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Business and technology executives are nearly unanimous in their recognition of data as one of their most strategic assets. For many, data is the raw material of business. It’s an asset from which tangible value can be created. This conviction is backed by a decade of unprecedented investment in data and data technologies, which has had a profound impact on every aspect of the digital economy.

It’s natural then for one to ask: How much is my data worth? Unfortunately, there isn’t an accepted financial model to answer this question, but there are familiar and less formal approaches, both financial and non-financial, for valuing data assets. By examining them, businesses can become more deliberate and purposeful in how best to use their data.

Be exclusive, granular

A basic approach to understanding the relative value of data is to think about it in terms of exclusivity and specificity. The more exclusive it is, the more valuable. Insights mined from private data collected from your customers is certain to be more valuable than the data from public sources. Likewise, granular data is more valuable than less specific data because it allows for more options in slicing and dicing information and combining it with other data sets. The addition of more specific personal information (e.g., income, family size, affinities) to a customer profile warrants fresh prospects for analytical exploration.

Another approach to estimating value is to use traditional methods for valuing intangible assets, such as intellectual capital and brand equity. These include cost-based (cost to create the asset), market-based (price of comparable goods) and income-based (value assigned by projected cash flows from the asset) accounting methods. The characteristics of data make these methods complicated to execute. However, determining consistency of the features that make data valuable offers a structure for measuring that value.

Understanding why the different characteristics of data make it so difficult to quantify in absolute terms actually helps in understanding its intrinsic value. An analysis of a data valuation chain by Chloe Mawer, a data scientist at Silicon Valley Data Science, illustrates this. As data passes through stages of transformation from raw data to analysis, insight, action and value, its worth increases. The valuation chain must be completed to realize value, but there are other potential outcomes, both good and bad. For example, multiple value chains can originate from the same raw data when the same aggregated GPS data is used by both a retailer to choose a new store location and a city government for better road planning. In other cases the valuation chain can be completed only to result in no value. Overall, the value chain method is beneficial in considering data’s specific uses, increases or decreases in value and other factors in buying and selling data.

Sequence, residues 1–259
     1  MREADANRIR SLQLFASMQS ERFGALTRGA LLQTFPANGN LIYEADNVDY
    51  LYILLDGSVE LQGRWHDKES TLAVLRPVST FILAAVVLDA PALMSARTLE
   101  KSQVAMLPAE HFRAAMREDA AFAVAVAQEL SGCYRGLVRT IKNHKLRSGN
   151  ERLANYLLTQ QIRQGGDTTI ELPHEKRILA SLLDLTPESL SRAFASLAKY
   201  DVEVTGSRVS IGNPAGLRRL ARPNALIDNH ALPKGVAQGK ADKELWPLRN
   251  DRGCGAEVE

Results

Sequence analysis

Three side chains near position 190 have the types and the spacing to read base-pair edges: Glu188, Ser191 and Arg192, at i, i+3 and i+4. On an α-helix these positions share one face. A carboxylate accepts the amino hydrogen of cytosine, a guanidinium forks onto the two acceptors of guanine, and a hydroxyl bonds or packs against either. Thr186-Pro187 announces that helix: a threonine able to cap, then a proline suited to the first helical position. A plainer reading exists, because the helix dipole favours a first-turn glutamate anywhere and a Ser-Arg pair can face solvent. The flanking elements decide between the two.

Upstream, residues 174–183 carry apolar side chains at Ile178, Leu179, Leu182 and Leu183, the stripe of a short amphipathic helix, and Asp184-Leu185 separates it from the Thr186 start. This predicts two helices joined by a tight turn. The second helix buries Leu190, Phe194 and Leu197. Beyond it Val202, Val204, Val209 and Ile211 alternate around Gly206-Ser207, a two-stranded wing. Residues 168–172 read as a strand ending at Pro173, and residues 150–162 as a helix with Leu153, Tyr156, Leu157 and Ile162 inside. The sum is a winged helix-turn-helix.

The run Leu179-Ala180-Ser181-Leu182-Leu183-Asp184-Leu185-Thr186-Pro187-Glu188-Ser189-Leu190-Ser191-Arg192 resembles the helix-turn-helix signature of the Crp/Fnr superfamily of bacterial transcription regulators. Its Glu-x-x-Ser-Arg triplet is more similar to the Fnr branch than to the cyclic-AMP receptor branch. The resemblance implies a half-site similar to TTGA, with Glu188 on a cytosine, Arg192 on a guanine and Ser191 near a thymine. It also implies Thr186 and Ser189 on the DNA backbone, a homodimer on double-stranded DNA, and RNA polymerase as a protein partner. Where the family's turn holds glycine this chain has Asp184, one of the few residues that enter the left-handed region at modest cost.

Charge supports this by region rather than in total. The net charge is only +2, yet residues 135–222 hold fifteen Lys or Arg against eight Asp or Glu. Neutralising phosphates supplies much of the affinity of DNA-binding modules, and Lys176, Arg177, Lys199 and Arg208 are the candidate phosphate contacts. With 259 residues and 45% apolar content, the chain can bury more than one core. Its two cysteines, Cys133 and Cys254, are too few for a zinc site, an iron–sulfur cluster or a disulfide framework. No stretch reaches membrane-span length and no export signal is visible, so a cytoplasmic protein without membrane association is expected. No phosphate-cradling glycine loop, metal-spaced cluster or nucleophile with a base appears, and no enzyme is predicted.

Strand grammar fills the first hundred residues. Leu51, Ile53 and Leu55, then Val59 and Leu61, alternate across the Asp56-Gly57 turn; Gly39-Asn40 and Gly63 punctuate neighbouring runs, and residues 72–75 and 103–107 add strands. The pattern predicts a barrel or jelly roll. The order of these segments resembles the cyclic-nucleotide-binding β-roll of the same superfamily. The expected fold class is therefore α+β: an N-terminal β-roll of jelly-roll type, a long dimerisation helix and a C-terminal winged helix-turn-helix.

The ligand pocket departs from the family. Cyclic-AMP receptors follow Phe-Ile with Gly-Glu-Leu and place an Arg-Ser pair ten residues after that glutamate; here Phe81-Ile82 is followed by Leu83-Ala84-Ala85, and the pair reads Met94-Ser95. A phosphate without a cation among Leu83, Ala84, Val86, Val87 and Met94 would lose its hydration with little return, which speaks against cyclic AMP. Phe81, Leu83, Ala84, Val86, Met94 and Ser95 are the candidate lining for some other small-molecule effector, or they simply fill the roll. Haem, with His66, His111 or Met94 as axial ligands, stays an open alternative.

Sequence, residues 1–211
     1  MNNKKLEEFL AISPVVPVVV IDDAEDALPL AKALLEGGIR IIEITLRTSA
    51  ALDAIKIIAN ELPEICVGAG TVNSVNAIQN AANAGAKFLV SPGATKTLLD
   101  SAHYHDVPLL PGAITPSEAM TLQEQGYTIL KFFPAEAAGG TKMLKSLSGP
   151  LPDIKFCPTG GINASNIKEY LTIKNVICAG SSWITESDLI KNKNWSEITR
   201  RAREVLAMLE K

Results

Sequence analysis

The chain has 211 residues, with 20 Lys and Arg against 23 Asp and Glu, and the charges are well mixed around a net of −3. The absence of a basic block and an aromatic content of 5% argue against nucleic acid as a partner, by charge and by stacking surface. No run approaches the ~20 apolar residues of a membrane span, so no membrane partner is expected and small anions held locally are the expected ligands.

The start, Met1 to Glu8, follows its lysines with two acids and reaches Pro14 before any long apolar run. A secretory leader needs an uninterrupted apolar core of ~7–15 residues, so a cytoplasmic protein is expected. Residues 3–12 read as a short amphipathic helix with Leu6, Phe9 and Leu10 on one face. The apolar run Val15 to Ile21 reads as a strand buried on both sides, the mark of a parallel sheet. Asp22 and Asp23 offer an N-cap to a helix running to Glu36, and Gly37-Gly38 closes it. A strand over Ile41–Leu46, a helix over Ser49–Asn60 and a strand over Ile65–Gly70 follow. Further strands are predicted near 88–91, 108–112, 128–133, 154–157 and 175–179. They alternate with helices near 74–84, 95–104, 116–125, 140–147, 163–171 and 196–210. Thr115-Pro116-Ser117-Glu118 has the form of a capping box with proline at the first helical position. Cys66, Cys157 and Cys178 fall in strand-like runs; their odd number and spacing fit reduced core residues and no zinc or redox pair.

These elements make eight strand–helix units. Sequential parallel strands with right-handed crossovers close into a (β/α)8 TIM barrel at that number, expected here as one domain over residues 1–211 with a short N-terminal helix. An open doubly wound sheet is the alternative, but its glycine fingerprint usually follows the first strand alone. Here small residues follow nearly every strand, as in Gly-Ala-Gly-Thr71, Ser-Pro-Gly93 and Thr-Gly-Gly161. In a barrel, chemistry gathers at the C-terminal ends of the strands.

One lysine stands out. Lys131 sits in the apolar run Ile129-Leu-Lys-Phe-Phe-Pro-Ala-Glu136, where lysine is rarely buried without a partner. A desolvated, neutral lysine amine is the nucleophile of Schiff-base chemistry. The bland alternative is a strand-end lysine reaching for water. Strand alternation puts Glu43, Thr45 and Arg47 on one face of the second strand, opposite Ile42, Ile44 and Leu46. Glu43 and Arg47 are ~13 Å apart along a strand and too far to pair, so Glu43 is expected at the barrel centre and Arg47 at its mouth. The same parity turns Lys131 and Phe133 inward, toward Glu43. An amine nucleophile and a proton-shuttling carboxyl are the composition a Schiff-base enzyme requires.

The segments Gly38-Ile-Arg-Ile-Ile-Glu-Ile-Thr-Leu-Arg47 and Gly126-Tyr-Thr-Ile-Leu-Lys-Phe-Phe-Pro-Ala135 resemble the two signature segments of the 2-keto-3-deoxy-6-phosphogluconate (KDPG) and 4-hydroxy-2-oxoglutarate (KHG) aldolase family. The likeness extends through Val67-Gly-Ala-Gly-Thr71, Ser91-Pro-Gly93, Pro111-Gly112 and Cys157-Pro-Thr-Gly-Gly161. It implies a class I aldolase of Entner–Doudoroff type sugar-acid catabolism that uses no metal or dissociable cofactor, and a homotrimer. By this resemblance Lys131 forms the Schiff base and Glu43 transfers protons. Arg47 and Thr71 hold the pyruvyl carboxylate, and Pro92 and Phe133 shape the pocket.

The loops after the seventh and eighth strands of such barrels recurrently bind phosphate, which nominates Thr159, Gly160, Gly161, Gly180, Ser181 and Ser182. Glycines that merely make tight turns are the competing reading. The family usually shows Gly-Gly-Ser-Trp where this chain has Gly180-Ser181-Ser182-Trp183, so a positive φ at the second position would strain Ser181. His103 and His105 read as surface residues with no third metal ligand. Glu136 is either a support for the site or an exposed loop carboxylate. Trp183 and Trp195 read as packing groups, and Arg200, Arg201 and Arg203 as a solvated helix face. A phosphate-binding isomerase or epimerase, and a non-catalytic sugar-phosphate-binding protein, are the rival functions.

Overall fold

Why learn the value of data?

Organizations should first identify the objective for valuing information assets. Is the purpose to improve your information management discipline, or to leverage the information’s economic benefits? Gartner offers a more robust model in its approach. It prescribes a set of six measures for valuing information, including intrinsic value, based on the quality of information assets, and economic value, measuring the contribution to an organization’s bottom line. It’s easy to imagine an organization employing multiple measures, depending on the type of data being valued.

Quantifying the value of data can be complicated, but it’s important. It’s unlikely that data will appear as an asset on a balance sheet anytime soon, but that doesn’t mean it doesn’t have value. Businesses must be deliberate and purposeful in how they consider its value and adopt appropriate measures for doing so. Data is a strategic asset and is growing in importance. As the old adage goes, “You can’t manage what you don’t measure.” Organizations need to start inventorying and measuring their information assets.

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